The Adult Literacy and Life Skills (ALL) Survey: Overview and International Comparisons
This report is the first in a series of four that investigate the initial results of the ALL survey. It examines any changes in literacy and numeracy skill between the 1996 International Adult Literacy Survey (IALS) and the Adult Literacy and Life Skills (ALL) survey - results collected in New Zealand in 2006. It also compares the results from the New Zealand ALL survey with those from Australia, Canada and the USA.
Author(s): Paul Satherley, Elliot Lawes and Saila Sok, Research Division, Ministry of Education.
Date Published: March 2008
This report is available as a download (please refer to the 'Downloads' inset box). For links to related publications/ information that may be of interest please refer to the 'Where to Find Out More' inset box.
The Adult Literacy and Life Skills (ALL) survey is designed to answer these and other questions:
How is literacy skill distributed across the New Zealand adult population?
Has there been any change in this distribution over the past 10 years?
Do the further education and training activities of New Zealand adults vary according to their literacy skills?
- How do the skills of adults in New Zealand compare with those of adults from other countries?
Why do we need to answer these questions? The labour-force demands of a modern economy are becoming increasingly complex. If New Zealand is to improve or maintain its position in the world economy, it must develop a workforce with high levels of generic and technical skills. The ALL survey provides an insight into our current skill levels. This insight is essential for the development of any future initiatives to further enhance and maintain these levels. In the longer term, having both the ALL data and data from the 1996 International Adult Literacy Survey (IALS) gives us a baseline against which to measure change in levels of skills in the New Zealand population.
This report is the first in a series of four that investigates the initial results of the ALL survey. It will present an overview of the distribution of literacy skills in New Zealand, changes to that distribution since 1996, and a comparison of New Zealand's distribution of literacy skills with those of Canada, the USA and Australia.
- From 1996 to 2006 the proportion of the adult population of New Zealand with very low literacy skills reduced substantially, but a proportion with low literacy skills persists.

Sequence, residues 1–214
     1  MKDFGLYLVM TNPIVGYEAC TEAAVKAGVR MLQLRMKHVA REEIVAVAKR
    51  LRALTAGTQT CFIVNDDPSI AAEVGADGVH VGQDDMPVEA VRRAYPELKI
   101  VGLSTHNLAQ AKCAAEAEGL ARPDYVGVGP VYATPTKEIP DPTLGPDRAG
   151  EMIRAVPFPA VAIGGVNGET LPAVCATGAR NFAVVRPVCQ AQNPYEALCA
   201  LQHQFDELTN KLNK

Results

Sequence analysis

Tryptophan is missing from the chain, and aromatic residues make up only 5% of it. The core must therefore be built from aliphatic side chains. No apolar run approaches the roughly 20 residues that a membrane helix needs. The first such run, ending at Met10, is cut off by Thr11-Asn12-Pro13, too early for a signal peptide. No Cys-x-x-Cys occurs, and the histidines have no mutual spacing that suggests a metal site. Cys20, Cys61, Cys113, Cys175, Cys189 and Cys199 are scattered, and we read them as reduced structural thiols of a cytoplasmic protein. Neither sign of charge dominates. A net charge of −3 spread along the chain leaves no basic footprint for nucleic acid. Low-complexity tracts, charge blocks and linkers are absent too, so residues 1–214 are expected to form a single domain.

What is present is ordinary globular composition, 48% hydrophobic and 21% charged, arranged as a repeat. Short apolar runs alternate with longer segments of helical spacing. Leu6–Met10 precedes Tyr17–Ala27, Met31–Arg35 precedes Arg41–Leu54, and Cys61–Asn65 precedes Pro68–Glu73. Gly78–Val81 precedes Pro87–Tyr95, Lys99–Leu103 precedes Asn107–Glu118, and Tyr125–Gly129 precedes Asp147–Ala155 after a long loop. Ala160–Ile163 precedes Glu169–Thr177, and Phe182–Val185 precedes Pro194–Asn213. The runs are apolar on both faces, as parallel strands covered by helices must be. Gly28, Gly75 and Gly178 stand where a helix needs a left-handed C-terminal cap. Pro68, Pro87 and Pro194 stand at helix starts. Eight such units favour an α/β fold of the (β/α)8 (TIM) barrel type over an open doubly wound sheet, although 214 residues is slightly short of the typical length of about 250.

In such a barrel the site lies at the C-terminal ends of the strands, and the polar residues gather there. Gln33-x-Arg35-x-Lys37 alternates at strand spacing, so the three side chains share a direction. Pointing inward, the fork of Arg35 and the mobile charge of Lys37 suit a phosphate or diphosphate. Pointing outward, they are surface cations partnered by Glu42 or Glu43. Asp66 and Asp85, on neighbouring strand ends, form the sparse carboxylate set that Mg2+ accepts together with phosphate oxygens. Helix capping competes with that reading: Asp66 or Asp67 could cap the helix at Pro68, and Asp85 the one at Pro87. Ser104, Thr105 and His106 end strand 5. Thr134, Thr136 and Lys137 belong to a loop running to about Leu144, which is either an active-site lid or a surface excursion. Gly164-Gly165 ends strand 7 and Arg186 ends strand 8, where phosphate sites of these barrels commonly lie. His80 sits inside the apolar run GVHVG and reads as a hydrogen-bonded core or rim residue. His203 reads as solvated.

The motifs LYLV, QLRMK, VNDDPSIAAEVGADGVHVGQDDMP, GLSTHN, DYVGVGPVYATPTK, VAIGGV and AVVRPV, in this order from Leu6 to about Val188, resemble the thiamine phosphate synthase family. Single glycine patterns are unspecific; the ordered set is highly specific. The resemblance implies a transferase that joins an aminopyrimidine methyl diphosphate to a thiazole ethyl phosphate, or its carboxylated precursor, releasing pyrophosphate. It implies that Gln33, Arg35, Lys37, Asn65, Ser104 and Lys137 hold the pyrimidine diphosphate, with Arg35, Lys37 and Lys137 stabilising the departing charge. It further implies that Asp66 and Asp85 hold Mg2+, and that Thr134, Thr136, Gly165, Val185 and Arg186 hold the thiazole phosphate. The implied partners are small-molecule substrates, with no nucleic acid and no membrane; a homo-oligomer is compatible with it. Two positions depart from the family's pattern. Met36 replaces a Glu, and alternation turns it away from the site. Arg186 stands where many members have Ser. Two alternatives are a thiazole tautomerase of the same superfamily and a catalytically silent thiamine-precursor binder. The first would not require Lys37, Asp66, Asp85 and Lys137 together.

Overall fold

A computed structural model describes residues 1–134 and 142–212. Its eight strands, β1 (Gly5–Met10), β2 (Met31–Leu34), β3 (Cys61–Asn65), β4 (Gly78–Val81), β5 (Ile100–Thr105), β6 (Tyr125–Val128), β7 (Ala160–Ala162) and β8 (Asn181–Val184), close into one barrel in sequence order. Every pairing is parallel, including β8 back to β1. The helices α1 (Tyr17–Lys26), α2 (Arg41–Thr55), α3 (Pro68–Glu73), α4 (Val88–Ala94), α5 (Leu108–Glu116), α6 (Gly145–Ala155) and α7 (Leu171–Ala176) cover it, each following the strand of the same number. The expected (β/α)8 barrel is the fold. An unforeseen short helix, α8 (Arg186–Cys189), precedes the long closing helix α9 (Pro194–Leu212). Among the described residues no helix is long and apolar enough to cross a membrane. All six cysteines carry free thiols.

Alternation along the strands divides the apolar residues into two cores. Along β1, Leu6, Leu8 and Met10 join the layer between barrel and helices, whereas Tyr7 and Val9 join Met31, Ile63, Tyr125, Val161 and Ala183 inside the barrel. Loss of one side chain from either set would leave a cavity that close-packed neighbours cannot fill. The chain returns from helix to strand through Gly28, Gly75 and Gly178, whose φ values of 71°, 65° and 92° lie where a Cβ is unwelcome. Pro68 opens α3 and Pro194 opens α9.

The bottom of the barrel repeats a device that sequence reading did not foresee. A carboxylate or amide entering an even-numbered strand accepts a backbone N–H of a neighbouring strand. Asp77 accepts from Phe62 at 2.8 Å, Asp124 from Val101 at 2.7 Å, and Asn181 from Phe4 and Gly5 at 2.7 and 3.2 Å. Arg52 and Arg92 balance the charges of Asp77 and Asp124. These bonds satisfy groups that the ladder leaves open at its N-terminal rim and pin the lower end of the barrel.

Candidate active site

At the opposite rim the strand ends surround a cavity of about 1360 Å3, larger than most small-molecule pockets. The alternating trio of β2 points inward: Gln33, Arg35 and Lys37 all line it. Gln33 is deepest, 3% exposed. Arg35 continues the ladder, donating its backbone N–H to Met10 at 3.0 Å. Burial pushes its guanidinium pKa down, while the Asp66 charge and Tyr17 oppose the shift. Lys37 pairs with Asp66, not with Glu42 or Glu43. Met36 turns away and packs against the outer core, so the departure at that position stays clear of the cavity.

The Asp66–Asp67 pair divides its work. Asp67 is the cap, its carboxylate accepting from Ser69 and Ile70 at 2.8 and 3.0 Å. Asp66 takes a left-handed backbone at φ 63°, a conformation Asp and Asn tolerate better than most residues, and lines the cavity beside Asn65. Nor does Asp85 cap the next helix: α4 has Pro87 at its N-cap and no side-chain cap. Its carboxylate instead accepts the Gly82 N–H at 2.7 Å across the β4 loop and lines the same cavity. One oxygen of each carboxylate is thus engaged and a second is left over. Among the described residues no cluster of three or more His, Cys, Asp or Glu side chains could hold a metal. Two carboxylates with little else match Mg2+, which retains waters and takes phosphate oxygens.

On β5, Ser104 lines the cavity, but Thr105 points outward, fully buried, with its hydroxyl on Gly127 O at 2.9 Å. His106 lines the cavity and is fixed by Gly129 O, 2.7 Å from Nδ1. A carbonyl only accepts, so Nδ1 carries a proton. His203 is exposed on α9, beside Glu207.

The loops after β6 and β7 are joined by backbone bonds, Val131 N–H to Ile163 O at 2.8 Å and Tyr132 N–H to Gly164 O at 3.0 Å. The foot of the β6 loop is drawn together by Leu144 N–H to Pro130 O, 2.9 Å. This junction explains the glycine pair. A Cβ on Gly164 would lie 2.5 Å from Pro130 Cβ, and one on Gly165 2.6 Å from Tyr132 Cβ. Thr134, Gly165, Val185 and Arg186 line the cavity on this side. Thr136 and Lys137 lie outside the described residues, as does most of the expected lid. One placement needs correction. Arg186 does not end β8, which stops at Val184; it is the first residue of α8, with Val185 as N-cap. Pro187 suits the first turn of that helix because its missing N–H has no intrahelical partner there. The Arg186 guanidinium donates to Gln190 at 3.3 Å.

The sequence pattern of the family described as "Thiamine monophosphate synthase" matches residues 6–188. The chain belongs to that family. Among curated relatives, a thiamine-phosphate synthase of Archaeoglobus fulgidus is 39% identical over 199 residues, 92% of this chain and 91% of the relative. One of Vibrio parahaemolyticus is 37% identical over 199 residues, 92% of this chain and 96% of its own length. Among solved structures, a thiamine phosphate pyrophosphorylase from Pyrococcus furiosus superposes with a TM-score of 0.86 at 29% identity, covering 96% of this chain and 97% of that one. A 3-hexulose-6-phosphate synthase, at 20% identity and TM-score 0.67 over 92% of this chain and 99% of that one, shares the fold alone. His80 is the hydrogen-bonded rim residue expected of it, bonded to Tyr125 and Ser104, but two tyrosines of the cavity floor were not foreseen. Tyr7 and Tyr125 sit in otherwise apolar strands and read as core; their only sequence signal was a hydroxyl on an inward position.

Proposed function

- Similar changes have occurred in Canada, the USA and Australia.
- In New Zealand, the improvement in document literacy skill has been more pronounced than in Canada, the USA and Australia.
- The adult population of New Zealand has large subpopulations with low numeracy and low problem-solving skills.
- The adult populations of Canada, the USA and Australia also have large sub-populations with low numeracy skills. In addition, Canada and Australia have large subpopulations with low problem-solving skills1.
- New Zealand adults with low document literacy skills are less likely to participate in any up-skilling activities than those with higher document literacy skills. However, participation in formal up-skilling does not appear to be affected by adults' document literacy skills.
- The patterns of up-skilling in New Zealand differ from Canada and the USA, where participation in formal up-skilling was greater amongst those with higher document literacy skills.
- In New Zealand, established immigrants have higher literacy and numeracy skills, overall, than recent immigrants. Established immigrants also make up a larger proportion of the adult population than recent immigrants.
- By contrast, in Canada and the USA, recent immigrants have higher literacy and numeracy skills, overall, than established immigrants. There also, established immigrants make up a larger proportion of the adult population than recent immigrants.
- In New Zealand, immigrants (both recent and established) have higher levels of prose and numeracy skills than both recent and established immigrants in Canada and the USA.
Where to find out more
For more information about this publication please email the: Research Mailbox